Tip: When writing tweets

I’m on a bit of a roll with the tips, so it’s time for one about Twitter. Unlike LinkedIn and Facebook, there are no additional fields added when you share a link on twitter. There is just you and 117 characters…

Wait, did I write 117 characters, not 140 characters? Why yes.I.did…

In post, I am going to cover limits, writing tweets for different outcomes, best practices, and link placement as well as a couple of conventions that are in place (but which can be hard to find out about).

Tip: When writing tweets

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Tweet limits

Obviously, most of us know the 140 character limit: a tweet can contain 140 characters.

However, as of early 2013, if you include a link in your tweet, that limit drops to 117 characters.

But wait, there’s more…

You don’t have 117 characters (or 140 characters without a link) if you want people to RT your tweet.

If they RT with a comment, you need to allow space for [their comment] RT @[your username], depending on how long your username and how many characters in their comment. Without that allowance your amazing tweet could be truncated (which gets worse if you included a link at the end of the tweet, but we will come back to that later).

So, assuming you are including a link in your tweet: you need to allow ~20-30 characters for the possibility of a RT with comment (…plus you could consider ensuring your username isn’t terribly long and also hope that neither is your RT-er’s commentary)…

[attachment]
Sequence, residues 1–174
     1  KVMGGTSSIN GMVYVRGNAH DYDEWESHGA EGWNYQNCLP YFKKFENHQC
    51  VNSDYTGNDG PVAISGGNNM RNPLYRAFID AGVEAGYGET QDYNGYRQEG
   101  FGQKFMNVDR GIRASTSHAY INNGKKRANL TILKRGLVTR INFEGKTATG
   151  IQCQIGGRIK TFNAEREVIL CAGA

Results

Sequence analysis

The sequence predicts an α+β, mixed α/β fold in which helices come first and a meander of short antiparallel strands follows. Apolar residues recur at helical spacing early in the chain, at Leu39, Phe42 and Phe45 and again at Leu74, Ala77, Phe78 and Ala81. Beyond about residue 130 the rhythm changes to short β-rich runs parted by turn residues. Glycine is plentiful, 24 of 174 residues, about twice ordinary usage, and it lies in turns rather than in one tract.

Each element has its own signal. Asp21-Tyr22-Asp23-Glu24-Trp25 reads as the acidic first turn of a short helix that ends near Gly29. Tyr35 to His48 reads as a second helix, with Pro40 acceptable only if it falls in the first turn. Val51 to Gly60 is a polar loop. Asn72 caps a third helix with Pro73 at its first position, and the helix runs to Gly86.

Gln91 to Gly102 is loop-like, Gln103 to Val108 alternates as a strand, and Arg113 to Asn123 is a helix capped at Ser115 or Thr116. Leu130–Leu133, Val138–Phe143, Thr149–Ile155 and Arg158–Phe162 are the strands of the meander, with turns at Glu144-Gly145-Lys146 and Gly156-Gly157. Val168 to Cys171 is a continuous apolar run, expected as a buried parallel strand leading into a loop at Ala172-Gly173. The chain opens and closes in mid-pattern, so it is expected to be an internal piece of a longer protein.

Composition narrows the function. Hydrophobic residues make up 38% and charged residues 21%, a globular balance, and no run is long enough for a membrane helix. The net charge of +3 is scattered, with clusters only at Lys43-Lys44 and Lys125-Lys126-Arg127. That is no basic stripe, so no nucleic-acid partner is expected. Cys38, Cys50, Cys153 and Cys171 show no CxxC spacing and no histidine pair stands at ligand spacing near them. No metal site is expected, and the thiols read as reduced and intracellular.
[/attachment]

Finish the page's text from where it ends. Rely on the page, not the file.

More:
This means you should probably aim for a tweet about 87-97 characters long (with link) or 110-120 characters long (without link).

Writing tweets for different outcomes…

There are different best-practices for different outcomes, Dan Zarrella (data scientist extraordinaire) compiled a Social Calls to Action infographic looking at outcomes of different writing styles, timings and words/phrases included, based on alot of research across alot of tweets.

To summarise for Twitter:

  • If you want people to ReTweet (RT) your tweet, use the phrases “Please ReTweet” or “Please RT” in your tweet
  • If you want people to click on your link:
    • Put the link 25% of the way through your tweet
    • Use the words: “please”, “RT”, “via”, or “Check” in your tweet
    • Tweet late in the day or on weekend

Think of the links

1) First and foremost, use a link abbreviator (e.g. ow.ly, bit.ly, tiny.url).

Anyone who includes an unabbreviated link is either an amateur (more likely) or needs to build brand awareness about a specific URL (in which case, dependant on how they do it (see point 3), they may actually be smart)

It is preferable to sign up for one, so you can measure outcomes (you can usually get statistics for clicks and other things), but that is entirely up to you. There’s probably a pseudo-Aristolean question in it:

If an abbreviated link is included in a tweet, but no one measures it…was it really there?

2) Be careful where you place your link

Try as much as possible, to not place the link at the end of your tweet. If you can find a natural break in the tweet, or you can re-write the tweet to build a natural break into the tweet…do so.

If you place it at the end, and someone RTs it…there is the possibility that the link will be truncated. In which case, the link will likely be broken. So all the good work you put to writing a compelling tweet that interests people enough to click on the link (and builds the momentum for them to share so that other people can also click on the link)…will be lost.